One of the things that’s very difficult to appreciate is the relative sizes and distances of celestial objects. After all, their sizes and distances aren’t remotely small enough for us to appreciate. As a result, everything we see looks in some way compressed – one object in an image may just as easily be twice as distant, or ten times as near, as another with little way of knowing the difference.
But if we apply a little knowledge to these images, the relative distances seem to jump out at us, like this:
This is a Hubble Space Telescope image of ESO 318-13 taken with Hubble’s Advanced Camera for Surveys. ESO 318-13 is an irregular-shaped galaxy. That is, a galaxy that has no formal structure such as spiral arms or even a well-defined central nuclear region.
It’s a beautiful image, but what I really love about it is that in one shot we can discern a tremendous amount of perspective and depth. Let’s start with the nearby stuff and work our way outward.
The brightest objects are foreground stars in our own Milky Galaxy. Coincidentally the foreground star in the middle right of the image happens to line up with the middle of ESO 318-13, but keep in mind that the galaxy is itself a collection of stars millions of light years beyond.
If you look at the full-resolution version of the image, you’ll see individual stars within ESO 318-13. And if you look toward the right-edge of the galaxy you’ll spot a beautiful face-on spiral tens of millions of light-years in the distance behind the galaxy. For all of their grandeur, galaxies are mostly empty space, and can be transparent enough to allow background galaxies to easily be seen through them.
Pan around the image and you’ll see a lot more galaxies in the background, including a giant elliptical galaxy in the upper right-hand corner of the image. ESO 318-13 is a dwarf galaxy and may contain a few tens of millions of stars. But the elliptical galaxy in the background is a cosmic titan containing several hundred billion suns!
The distances to objects in this image are all relative – there isn’t anything that tells us exactly how far away they are just by looking at them. To get those measurements we need to use indirect methods such as spectroscopy. But in one image we can begin to get an idea of the sheer scale of the cosmos – keeping in mind that this is still a fairly local region of the universe!
This is NGC 660 as seen by the Gemini North observatory at Mauna Kea, Hawaii and before we go any further, you definitely want to grab the full-resolution version. NGC 660 is an example of a rare polar-ring galaxy – that is, a galaxy surrounded by a ring of stars that rotates over the poles of the galaxy. First we have the main galaxy itself, seen edge-on to us in the middle. The host galaxy has a very thick central bulge, which classifies it as a lenticular galaxy.
Surrounding the central galaxy is a ring of stars and gas. And the ring itself is bursting with star formation! Take a look in that full-resolution version and you’ll see nebulae illuminated by hot young stars, and bubbles blown out by massive stars that went supernova.
Of course, neither the galaxy nor the ring are solid, and both are warped by their mutual tidal forces on each other. Just wow!
So how did this whole thing come to be? Polar-ring galaxies are thought to form in one of two ways: either in a head-on collision or when one galaxy rips apart a passer by, strewing the former galaxy into a ring.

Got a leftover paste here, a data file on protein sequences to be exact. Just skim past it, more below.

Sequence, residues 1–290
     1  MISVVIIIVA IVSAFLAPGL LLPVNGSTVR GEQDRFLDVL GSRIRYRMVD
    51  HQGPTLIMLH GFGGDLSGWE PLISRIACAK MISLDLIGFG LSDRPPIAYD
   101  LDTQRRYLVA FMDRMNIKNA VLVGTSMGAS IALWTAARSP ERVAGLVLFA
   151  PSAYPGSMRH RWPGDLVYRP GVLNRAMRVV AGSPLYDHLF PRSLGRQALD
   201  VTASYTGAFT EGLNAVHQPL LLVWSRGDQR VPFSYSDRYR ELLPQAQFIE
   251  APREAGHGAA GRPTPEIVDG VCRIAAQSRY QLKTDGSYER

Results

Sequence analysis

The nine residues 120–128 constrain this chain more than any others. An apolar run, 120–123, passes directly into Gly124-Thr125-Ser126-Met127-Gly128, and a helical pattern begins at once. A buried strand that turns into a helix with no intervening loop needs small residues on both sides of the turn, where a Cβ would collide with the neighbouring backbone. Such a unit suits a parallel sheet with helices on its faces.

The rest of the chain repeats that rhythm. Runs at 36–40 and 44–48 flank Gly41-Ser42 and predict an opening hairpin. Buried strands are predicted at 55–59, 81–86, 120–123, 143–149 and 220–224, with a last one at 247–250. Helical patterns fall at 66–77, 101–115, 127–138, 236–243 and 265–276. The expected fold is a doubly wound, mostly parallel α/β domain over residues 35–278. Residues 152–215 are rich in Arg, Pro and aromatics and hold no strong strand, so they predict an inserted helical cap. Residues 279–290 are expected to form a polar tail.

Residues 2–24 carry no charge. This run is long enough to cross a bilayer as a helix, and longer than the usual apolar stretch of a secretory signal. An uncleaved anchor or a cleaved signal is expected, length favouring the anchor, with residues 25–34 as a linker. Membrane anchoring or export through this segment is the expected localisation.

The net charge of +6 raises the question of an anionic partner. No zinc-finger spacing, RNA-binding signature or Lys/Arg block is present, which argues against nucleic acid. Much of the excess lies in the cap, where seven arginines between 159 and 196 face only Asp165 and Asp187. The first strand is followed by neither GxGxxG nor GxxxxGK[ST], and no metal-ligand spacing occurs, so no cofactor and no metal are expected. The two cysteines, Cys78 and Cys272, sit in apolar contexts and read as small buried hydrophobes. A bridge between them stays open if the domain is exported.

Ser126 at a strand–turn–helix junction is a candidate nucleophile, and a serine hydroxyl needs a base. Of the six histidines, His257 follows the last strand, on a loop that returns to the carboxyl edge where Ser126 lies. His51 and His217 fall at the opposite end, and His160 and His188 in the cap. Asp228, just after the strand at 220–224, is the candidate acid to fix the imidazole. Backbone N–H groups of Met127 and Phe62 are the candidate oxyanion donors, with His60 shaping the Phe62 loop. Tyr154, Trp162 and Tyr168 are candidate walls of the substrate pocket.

In the merger scenario, one galaxy pierces the heart of another at a right angle, and the “pierced” galaxy ends up as a ring around the intruder galaxy. In such a scenario, you end up with a collapsed core and a burst of star formation, and NGC 660 certainly has both.
But there are some compelling reasons why the piercing scenario may not be the case here. For one, the galaxy and its ring aren’t at right angles to one another, but rather at roughly 45-degree angles. For comparison, here’s NGC 4650, another polar ring galaxy that was probably formed as a result of such a collision:
Another problem is that in a piercing scenario, the gas gets concentrated into the host galaxy’s central region, while the ring is left largely stripped of this gas. In NGC 660, not only is there a lot of gas and star formation taking place in the ring, but the host galaxy itself is “thick” with gas, and there’s quite a bit of star formation going on in there as well. In addition, ring itself is tilted about 45-degrees. Simulations of piercing mergers don’t get us gas-rich, 45-degree ring that we see.
That leaves us with with another possibility, called tidal accretion. In other words, the host galaxy “shredded” a lower-mass passer-by galaxy into the ring. There’s some compelling evidence for that here. In tidal accretion, you can have a wider distribution of gas both in the ring and in the host galaxy itself, allowing for the star formation we see in both. It is also possible for the ring to be oriented at any angle with respect to the host, since you don’t have to start out with a right-angle collision. Finally, in a right-angle collision, you’d expect the pierced galaxy’s nucleus to fall inward toward the host, giving you a “double nucleus” at the center. But NGC 660 only has its original nucleus.
That means that we’re likely looking at the aftermath of a lower-mass galaxy that passed close to NGC 660 long ago, and lost a lot of its stars and gas to the larger galaxy as it passed by. NGC pulled this “chunk” of the passer-by into a ring and both the ring and the galaxy tidally distorted themselves into the shapes we see today.
There’s one more very cool thing going on here, hidden from our view but bright at radio wavelengths is a compact , 32 light-year diameter source near the center of NGC 660. This source is most likely a super cluster of stars in a dense cloud of dust and gas, hidden from view but transparent at radio. This source contains perhaps a few thousand hot, blue youthful stars.
Whatever caused the ring, it led to a lot of star formation in NGC 660, making this already rare polar-ring galaxy even rarer – a polar-ring starburst galaxy! Very cool!